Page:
The sudden change of scenery from the sand, dust, and desolation of Iraq and Kuwait to the green hills of Eyre and the snows of Maine is disconcerting. It was also disconcerting to be applauded and greeted with a chorus of voices murmuring “welcome home” and “thank you” as we entered the main terminal here in Bangor. I have such mixed feelings about our presence in Iraq - and my part in it - that I found the applause and welcoming words touching yet disquieting. Ironically, I would have felt less uncomfortable if we had been met by a crowd of war protesters.

Beginning with the helicopter flight from Kalsu back to Al Asad, this trip back to the U.S. has so far been long but unremarkable. It began on a beautiful night just past the full moon, and Kalsu never looked better than it did disappearing behind us as we flew away. I only spent a little more than a day in Al Asad, tying up loose ends and repacking for the trip home. The journey continued with another sardine-like flight to Kuwait on a C-130; this time, however, my spirits were buoyed rather than sunken as we neared our destination. The 36 hours in Kuwait went quickly, occupied by sleeping, tossing and turning, and several early-morning hours spent reading, writing, meditating, and playing my guitar in the empty chapel. As I played and sang to the empty chairs, I pictured them filled with my friends from two UU congregations.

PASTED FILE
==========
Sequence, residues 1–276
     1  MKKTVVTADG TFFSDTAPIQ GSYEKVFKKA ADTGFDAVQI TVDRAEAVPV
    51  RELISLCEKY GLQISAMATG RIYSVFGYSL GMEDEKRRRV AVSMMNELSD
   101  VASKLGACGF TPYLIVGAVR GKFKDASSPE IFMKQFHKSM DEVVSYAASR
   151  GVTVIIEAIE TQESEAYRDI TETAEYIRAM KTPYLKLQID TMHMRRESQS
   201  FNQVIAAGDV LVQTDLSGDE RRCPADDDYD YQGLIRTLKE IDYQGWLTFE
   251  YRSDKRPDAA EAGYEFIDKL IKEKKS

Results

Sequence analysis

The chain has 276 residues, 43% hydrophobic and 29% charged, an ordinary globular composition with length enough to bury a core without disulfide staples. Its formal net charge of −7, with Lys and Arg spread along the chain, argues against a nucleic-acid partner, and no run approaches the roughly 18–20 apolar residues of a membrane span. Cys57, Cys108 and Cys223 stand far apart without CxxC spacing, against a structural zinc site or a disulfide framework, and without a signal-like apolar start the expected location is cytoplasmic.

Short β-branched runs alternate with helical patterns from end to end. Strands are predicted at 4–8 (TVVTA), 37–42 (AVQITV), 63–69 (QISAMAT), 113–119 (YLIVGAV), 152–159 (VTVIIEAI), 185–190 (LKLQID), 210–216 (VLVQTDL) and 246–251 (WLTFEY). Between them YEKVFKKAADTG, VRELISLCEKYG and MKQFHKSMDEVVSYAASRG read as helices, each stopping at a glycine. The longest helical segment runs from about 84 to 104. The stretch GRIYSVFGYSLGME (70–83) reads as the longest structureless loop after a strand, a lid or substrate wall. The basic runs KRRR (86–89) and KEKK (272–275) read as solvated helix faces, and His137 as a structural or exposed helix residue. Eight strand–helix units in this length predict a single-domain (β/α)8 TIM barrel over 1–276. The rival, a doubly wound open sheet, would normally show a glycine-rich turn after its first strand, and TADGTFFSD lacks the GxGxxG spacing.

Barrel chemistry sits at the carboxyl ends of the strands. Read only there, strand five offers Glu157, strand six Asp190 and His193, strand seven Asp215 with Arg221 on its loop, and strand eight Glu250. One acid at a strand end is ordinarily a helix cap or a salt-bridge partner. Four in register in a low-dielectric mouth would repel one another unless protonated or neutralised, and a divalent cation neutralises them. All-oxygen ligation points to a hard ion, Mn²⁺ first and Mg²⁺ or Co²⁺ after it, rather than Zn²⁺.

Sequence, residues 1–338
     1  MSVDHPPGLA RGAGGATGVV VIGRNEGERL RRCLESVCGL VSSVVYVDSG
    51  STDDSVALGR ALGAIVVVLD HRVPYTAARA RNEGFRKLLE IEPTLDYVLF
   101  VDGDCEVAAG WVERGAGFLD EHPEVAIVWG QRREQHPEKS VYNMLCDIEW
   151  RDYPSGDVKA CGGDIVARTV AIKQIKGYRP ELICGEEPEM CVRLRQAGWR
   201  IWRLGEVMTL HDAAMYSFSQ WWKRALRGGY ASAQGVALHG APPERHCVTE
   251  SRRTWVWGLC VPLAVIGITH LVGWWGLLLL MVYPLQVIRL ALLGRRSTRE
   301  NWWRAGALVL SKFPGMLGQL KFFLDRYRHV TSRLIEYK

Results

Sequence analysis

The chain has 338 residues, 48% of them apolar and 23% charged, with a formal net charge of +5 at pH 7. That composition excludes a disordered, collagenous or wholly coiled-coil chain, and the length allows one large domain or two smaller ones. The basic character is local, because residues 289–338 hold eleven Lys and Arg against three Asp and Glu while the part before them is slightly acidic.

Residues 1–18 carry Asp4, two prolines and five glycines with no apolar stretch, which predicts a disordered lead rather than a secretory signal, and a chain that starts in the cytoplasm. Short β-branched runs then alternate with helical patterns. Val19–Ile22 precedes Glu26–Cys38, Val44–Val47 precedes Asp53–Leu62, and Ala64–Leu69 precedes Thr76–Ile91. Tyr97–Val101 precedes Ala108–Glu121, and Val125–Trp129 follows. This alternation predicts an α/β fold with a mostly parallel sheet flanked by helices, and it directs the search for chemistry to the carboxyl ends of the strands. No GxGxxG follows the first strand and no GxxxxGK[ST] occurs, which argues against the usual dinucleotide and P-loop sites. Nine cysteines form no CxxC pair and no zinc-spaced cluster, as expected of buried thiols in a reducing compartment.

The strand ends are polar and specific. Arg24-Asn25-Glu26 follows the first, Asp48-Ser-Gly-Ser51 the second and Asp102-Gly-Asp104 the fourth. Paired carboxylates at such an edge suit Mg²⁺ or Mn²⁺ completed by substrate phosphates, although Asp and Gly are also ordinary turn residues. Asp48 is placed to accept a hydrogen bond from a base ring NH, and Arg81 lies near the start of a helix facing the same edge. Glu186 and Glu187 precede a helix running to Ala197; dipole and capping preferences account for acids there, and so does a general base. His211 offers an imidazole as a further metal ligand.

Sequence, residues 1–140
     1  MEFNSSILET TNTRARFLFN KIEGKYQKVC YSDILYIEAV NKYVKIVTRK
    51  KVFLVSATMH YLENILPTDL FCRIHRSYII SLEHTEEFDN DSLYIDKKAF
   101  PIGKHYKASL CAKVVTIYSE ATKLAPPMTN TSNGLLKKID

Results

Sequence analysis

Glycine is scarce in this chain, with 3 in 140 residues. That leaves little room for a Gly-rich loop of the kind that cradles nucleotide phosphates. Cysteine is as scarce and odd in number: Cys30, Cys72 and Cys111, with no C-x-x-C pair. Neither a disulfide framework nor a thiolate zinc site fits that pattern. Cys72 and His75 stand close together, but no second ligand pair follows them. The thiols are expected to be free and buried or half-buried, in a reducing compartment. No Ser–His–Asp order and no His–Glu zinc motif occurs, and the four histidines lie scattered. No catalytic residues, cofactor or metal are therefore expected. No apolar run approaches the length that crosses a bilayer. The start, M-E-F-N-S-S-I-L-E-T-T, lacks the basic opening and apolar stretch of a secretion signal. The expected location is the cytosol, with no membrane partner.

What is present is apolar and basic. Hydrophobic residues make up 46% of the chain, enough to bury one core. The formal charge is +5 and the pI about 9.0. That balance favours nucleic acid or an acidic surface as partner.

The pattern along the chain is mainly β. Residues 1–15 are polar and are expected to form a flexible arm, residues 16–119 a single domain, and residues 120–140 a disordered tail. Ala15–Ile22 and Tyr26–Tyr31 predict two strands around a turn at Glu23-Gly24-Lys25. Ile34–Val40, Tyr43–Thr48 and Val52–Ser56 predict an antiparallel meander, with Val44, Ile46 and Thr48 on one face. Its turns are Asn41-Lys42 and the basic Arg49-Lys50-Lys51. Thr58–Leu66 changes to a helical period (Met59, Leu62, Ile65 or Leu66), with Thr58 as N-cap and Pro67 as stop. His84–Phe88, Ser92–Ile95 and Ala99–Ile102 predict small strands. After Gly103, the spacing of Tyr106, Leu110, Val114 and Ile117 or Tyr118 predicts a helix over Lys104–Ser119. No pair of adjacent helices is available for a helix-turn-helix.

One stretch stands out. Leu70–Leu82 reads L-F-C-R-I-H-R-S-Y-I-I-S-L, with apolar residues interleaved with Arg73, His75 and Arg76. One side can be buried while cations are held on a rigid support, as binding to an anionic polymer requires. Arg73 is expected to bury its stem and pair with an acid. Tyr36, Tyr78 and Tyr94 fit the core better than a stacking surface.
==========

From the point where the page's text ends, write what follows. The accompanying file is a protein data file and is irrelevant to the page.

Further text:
This last, and longest, part of these travels began in fine military fashion with many hours of hurrying up to wait, then waiting to hurry up. Customs briefing and inspection, moving from place to place, on the buses, off the buses, and more hurry up and wait finally resulted in boarding the MD-11 and departing.

The trip out to Iraq carried a feeling of inevitability – a feeling of inexorably being carried to my fate by the military machine. This trip home, however, has been marked more by the lazy flow of time as the minutes, hours, and days melt away and my return to home and family nears. This too feels inevitable and unavoidable, but the future holds bright promise and excitement, rather than uncertainty and dread. It’s a good feeling, going home.

(Later) Now I’m sitting in a hotel room in San Diego, and in many ways I feel like I never went anywhere. Arriving at Miramar was very depressing at first as all the Marines with families to greet them were hugging and kissing their loved ones. Before long, however, I realized that it was good to be able to turn in my pistol, get blood drawn, and pick up my bags without having little ones hanging on me.

Next stop, Monterey!